Our kids don't have cousins. That's how the branches on the family tree branched. They have cousin envy, watching friends with cousins have sleepovers and extended-family vacations. When you're a cousinless kid, cousins look like a constant party. It comes up more than you could imagine. I always tell them: I'm only in charge of the family I have. Maybe one day you'll have cousins. But I'm not the one who can make that happen for you. Enjoy the family you have.
It's why I always wanted three kids. I wanted our house to be a built-in party, and it is. The fact is, I grew up with ten cousins but I never saw them, scattered as they were across the country. The lovely husband's family was more close-knit, but he only has two cousins and as adults they aren't close at all. Having cousins wouldn't guarantee any more family hijinks than we already see daily. So I tell them. And on they daydream. It's forbidden fruit, a conjuring of what isn't, the ultimate in imagining.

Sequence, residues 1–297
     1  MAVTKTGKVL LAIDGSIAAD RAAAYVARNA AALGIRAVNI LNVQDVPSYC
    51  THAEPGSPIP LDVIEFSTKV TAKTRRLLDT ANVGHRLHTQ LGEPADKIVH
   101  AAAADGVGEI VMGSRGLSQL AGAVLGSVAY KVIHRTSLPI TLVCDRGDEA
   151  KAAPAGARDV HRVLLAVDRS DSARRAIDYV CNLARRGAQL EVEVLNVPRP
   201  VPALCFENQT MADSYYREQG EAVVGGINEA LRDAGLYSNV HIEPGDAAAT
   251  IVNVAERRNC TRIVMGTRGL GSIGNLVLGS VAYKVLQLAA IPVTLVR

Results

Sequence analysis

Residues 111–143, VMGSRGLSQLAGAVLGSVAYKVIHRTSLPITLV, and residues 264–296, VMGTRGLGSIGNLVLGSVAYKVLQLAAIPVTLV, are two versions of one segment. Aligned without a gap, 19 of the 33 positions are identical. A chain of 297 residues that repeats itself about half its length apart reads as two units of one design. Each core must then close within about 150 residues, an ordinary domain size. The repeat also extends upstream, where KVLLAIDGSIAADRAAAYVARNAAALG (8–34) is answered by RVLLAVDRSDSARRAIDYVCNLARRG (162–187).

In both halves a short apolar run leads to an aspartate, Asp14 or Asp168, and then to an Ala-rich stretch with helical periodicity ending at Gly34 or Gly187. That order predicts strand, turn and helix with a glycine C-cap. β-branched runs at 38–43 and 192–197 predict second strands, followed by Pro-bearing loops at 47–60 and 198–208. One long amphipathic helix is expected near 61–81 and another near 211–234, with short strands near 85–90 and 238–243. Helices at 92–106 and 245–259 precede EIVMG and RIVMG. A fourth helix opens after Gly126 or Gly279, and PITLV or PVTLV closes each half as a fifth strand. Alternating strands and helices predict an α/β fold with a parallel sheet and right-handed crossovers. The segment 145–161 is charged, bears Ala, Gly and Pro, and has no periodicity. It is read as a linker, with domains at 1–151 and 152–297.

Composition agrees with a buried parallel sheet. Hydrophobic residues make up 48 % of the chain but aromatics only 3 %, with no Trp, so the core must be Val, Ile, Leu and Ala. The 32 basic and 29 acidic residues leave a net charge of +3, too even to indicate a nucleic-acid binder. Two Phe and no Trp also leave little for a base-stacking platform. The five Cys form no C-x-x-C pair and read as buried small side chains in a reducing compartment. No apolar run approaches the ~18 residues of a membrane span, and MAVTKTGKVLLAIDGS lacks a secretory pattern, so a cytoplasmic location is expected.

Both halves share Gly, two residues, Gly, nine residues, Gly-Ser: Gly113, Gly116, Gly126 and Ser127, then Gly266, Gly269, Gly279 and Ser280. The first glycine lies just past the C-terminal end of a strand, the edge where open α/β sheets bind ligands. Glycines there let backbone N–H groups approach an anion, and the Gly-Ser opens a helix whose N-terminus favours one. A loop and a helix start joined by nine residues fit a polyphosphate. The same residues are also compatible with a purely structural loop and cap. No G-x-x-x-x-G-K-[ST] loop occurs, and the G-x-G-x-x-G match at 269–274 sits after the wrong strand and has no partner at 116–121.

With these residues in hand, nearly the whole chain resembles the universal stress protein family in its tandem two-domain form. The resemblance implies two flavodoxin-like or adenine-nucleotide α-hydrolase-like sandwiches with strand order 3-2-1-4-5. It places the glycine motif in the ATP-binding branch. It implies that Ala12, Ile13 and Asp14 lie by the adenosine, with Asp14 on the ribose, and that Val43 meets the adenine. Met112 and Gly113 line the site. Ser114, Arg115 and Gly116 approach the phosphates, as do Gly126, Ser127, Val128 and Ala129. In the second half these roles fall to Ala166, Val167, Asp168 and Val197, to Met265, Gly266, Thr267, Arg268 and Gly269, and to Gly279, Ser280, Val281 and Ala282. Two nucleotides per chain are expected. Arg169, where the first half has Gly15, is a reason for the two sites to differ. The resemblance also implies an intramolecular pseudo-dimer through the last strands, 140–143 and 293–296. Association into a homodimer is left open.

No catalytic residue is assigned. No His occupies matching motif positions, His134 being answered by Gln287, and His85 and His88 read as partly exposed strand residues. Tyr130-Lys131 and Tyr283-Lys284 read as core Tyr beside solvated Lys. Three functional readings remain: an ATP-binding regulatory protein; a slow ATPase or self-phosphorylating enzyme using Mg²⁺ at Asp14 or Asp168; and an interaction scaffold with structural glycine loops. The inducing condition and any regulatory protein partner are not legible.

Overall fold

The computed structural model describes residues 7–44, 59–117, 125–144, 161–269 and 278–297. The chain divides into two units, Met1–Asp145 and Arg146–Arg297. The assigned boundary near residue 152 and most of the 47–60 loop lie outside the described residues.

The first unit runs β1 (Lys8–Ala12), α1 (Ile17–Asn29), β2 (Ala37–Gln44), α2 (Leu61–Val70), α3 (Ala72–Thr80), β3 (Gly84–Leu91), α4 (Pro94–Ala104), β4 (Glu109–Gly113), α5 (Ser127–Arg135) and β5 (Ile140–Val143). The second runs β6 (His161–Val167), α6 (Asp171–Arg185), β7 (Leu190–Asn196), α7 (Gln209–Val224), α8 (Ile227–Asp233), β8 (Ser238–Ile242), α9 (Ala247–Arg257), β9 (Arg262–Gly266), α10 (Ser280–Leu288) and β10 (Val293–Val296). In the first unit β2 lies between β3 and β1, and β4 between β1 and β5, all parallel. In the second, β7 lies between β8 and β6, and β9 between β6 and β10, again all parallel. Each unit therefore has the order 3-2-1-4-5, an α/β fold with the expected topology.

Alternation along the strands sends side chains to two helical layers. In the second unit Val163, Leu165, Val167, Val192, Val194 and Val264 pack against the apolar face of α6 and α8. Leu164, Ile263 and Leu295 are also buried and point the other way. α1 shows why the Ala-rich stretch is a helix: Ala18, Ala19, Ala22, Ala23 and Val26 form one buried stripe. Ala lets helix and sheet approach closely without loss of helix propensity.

I love eavesdropping on their fantasy-building, though. I have no regrets for a world I have no hand in conjuring, but what they don't realize as I smile is that they're not missing anything: they're playing together. They're scheming and giggling and inventing. The labels on their playmates don't matter. They have a built-in party, and it's the family they have.
The Dinner, a novel by Herman Koch. Two brothers and their wives sit down for a tension filled dinner to discuss their sons, the cousins, and some of their actions that will change the families' lives forever. Join From Left to Write on October 29 as we discuss The Dinner. As a member, I received a copy of the book for review purposes.